forecastingprinciples.com Reviews of Important Papers on Forecasting
Before 1985 Reviews
Review of:

David F. Larcker and Lessig V. Parker (1983), “An examination of the linear and retrospective process tracing approaches to judgment modeling,” Accounting Review, 58, 58-77.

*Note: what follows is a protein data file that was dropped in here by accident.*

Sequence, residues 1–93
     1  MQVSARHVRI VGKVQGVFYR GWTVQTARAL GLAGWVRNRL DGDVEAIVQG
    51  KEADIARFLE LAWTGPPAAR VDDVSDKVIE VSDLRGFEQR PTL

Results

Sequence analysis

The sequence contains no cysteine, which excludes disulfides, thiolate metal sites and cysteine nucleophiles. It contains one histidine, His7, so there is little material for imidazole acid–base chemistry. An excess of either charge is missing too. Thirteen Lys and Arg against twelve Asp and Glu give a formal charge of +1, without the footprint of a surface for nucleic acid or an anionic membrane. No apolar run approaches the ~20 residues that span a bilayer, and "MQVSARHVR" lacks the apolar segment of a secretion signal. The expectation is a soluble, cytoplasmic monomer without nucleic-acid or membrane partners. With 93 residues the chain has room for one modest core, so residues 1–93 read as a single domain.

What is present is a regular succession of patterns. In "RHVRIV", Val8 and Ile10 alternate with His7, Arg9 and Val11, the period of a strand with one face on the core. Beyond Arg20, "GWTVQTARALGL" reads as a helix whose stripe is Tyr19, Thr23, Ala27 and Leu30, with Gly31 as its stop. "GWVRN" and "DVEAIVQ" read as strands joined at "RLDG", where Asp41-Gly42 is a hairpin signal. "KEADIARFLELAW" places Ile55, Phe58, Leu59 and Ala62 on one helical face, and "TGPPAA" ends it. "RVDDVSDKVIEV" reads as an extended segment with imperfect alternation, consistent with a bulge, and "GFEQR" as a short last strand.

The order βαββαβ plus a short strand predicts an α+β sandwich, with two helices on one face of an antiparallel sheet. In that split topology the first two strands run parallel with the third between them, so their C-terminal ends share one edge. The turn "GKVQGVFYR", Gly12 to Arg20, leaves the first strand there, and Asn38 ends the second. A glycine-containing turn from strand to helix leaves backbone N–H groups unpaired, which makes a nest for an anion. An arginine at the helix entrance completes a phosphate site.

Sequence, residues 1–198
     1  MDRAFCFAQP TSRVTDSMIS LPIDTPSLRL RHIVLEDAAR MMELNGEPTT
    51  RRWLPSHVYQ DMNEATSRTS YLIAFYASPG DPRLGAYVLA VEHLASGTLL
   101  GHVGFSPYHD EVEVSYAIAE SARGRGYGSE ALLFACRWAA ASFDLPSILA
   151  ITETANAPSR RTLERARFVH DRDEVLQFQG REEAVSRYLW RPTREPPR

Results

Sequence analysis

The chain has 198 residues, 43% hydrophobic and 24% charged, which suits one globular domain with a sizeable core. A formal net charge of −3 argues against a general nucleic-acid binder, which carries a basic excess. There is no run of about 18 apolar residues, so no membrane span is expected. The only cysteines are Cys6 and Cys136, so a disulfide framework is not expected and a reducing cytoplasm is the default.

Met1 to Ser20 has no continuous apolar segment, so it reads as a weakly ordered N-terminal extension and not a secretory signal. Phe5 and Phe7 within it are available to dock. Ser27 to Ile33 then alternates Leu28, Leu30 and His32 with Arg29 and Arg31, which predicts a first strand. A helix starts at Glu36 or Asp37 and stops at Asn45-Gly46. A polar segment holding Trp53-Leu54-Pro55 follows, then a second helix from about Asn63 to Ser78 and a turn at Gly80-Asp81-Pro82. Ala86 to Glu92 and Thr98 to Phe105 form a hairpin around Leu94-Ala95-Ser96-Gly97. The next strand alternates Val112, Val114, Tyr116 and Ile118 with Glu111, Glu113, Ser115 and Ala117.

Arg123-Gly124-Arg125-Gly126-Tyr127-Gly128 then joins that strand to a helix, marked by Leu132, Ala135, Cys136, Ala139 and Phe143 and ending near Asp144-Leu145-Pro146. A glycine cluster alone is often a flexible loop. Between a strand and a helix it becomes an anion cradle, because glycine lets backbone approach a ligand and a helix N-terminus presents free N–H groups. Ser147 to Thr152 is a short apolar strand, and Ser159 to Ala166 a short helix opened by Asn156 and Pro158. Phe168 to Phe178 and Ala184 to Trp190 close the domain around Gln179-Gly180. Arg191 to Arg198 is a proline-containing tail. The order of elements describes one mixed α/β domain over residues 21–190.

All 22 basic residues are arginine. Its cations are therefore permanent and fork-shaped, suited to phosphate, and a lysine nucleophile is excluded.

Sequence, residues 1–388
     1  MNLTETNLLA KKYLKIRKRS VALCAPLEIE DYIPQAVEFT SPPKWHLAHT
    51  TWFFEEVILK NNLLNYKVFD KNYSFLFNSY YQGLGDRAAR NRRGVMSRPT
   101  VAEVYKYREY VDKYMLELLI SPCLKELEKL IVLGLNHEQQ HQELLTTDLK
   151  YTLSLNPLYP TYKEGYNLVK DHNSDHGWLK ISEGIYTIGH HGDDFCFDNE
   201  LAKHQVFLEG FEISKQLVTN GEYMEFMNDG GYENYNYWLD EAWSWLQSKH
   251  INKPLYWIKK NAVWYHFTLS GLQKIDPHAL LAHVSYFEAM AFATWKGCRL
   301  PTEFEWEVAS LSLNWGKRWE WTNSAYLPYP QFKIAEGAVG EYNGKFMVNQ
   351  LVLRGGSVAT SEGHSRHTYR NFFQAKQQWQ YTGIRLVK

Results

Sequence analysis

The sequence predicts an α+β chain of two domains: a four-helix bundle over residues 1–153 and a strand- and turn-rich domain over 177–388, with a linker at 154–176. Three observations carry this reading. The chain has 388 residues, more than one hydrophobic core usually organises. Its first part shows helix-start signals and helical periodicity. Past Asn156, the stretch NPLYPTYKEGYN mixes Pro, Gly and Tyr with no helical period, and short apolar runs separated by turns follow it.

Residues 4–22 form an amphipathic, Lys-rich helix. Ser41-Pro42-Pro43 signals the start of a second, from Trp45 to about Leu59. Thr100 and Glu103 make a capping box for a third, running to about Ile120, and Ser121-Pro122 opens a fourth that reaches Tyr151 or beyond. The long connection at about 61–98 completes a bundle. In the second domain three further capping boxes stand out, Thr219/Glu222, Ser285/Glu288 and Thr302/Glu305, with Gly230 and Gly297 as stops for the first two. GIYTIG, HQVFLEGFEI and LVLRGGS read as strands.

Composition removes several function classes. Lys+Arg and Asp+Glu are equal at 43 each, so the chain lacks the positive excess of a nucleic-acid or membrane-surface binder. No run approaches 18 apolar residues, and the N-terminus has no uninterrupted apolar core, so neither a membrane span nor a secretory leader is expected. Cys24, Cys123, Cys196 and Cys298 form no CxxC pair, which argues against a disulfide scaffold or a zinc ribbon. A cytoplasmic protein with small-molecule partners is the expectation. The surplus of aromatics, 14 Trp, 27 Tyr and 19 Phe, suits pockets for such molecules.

Judgmental decisions have been 'predicted' from inferences based on statistical analysis of the data used by the decision-maker. Alternatively, predictive models have been developed by asking decision-makers to describe how they made their decisions. Sometimes the questioning is done as the decisions are made, sometimes after. The literature on the statistical analysis of judgment (an area typically referred to as ‘bootstrapping’) has been critical of the latter approach of questioning after the decisions have been made. The study compared this post-decision questioning, ‘retrospective process tracing models,’ with the statistical approach. Buy/no-buy decisions were made for 45 stocks by 31 subjects. Each stock was described by six relevant and obvious variables. The statistical inference approach, done by discriminant analysis, matched the actual decision in 73 per cent of the cases. The retrospective process tracing model approach (done immediately after the completion of all stock decisions) was significantly better (p < 0.05), and it matched the actual for 85 per cent of the decisions. The gain came at some cost, as the retrospective approach required l hour with each subject. The authors caution that the results may not be applicable to more complex problems or to problems where irrelevant variables are present. They recommend a combined use of discriminant models, retrospective process tracing models, and concurrent process tracing (often called protocols). It is a thorough study and the literature review brings together a number of relevant findings from accounting, marketing, and psychology. Although this is a tedious and long-winded paper with much jargon, it is important, and will be rewarding to those who manage to stick with it.